Traits and Characteristics
The heaviest of the setters, the Gordon is sturdily built and capable of withstanding a long, active day. He needs plenty of rigorous exercise every day to be happy and healthy. The Gordon Setter thrives in a lively, active household.
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Friendliness to Dogs
Friendliness to Other Pets
Friendliness to Strangers
Ease of Training
Disclaimer: While the characteristics mentioned here may frequently represent this breed, dogs are individuals whose personalities and appearances will vary. Please consult the adoption organization for details on a specific pet.
The Gordon Setter is a capable, close-working bird dog. He can run all day, and this kind of energy needs a regular outlet or the dog is apt to become frustrated. Gordons make lively, enthusiastic companions, and need the company of lively people. Somewhat more protective than the other setters, he is reserved toward strangers and sometimes aggressive toward strange dogs. He generally gets along well with other family pets. The Gordon has earned its reputation as a devoted family dog.
The Gordon needs much strenuous exercise every day in order to stay in shape. His coat needs regular brushing and combing every two to three days. In addition, some clipping and trimming is needed for optimal good looks.
- Major concerns: CHD, gastric torsion
- Minor concerns: PRA, elbow dysplasia, cerebellar abiotrophy, hypothyroidism
- Occasionally seen: none
- Suggested tests: hip, elbow, eye, DNA for PRA
- Life span: 10–12 years
Black and Tan Setters existed in Scotland at least by the 1600s, but it was not until the late 1700s that the breed became established as the Gordon Castle Setter. The Fourth Duke of Gordon (1743–1827) kept many of these dogs at his Gordon Castle, although most of these were reportedly black, tan, and white. Efforts to breed the finest setters at Gordon Castle continued through the efforts of the Duke of Richmond after the Fourth Duke’s death.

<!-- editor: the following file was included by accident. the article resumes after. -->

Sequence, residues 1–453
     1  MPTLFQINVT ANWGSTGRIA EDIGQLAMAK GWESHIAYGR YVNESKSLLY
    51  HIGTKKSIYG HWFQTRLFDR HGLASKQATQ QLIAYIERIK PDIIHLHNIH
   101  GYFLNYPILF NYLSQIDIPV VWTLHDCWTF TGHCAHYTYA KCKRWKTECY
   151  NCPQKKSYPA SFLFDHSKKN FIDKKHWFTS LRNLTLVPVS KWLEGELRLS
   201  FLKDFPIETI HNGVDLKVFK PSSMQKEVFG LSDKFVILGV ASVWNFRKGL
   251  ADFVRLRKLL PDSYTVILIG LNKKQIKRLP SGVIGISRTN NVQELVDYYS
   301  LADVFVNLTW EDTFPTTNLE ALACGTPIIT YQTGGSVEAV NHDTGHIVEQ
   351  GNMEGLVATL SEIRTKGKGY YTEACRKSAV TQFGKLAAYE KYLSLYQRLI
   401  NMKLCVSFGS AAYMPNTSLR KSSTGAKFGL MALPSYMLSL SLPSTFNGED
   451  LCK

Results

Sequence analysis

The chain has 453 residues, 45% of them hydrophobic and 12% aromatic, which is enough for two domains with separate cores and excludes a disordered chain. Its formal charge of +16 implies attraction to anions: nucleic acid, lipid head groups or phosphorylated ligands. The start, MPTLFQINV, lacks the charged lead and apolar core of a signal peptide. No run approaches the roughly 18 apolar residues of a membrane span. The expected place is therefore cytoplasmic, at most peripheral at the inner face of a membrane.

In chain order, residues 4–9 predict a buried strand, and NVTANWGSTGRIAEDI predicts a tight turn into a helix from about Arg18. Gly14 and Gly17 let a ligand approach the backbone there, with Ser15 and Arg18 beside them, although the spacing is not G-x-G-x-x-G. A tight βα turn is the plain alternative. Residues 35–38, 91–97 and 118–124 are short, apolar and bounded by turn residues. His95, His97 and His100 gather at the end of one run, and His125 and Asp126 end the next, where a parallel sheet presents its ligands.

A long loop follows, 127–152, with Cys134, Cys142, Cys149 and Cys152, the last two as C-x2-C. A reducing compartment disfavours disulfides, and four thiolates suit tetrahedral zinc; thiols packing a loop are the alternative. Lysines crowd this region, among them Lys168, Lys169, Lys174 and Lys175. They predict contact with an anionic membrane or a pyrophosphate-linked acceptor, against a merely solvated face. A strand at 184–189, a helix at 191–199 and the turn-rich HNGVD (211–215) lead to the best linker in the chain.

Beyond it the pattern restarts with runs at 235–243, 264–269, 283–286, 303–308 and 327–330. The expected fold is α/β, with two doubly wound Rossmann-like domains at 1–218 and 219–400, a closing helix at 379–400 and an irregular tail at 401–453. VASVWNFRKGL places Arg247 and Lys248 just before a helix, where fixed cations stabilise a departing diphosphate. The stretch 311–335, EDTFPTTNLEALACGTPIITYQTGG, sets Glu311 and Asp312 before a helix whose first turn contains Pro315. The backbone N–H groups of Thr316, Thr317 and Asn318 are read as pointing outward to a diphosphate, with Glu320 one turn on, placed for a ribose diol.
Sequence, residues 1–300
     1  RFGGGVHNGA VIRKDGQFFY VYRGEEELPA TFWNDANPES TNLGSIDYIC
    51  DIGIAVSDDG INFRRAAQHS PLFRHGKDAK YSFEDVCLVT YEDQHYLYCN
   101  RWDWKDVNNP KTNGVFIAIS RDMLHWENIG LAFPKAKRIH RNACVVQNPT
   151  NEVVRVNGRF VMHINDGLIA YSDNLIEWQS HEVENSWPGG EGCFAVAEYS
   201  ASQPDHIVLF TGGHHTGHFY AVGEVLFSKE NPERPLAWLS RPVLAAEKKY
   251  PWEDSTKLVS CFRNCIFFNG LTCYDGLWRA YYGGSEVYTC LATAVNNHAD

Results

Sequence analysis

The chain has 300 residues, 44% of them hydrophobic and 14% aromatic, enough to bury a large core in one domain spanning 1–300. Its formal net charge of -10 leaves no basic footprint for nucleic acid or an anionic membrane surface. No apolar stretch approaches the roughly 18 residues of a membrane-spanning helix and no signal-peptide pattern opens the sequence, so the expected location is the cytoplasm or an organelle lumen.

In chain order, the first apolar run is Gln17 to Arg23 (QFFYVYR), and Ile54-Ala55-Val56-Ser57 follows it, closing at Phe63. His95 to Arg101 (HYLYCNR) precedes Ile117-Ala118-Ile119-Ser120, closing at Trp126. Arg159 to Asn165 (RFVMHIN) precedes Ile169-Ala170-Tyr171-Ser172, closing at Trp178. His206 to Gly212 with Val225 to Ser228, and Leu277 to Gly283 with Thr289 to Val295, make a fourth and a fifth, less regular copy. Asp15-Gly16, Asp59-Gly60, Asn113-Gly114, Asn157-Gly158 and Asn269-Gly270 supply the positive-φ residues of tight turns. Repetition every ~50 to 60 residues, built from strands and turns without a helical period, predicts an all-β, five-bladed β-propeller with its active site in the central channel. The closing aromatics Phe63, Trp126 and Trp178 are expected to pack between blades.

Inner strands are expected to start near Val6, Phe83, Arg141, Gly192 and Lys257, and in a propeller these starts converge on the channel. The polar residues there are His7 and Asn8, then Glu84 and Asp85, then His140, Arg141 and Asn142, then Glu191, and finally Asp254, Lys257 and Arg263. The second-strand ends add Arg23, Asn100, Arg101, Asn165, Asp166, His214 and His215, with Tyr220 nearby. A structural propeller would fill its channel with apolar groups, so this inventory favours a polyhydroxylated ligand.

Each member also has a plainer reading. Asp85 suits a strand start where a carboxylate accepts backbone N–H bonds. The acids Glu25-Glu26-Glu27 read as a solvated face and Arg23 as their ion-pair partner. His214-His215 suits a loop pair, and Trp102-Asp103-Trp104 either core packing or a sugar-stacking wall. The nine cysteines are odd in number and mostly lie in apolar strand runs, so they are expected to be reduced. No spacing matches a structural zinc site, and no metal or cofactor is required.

Black and Tan Setters, as they were initially named, were shown at the first dog show ever held, in 1859. The name was changed to Gordon Setter in 1924. Gordon Setters are the heaviest and slowest working of the setter breeds, and this distinction was accentuated when Gordons first entered the show ring. In 1875, the trend toward an overly ponderous show Gordon was halted largely through the efforts of one man, Robert Chapman.
Unlike many sporting breeds, little division between show- and field-type Gordons exists. Daniel Webster and George Blunt brought the first two Gordons to America in 1842. The dogs, named Rake and Rachael, were obtained from the Duke’s stock and founded the breed in America. The Gordon Setter was among the first breeds recognized by the AKC, receiving the nod in 1892.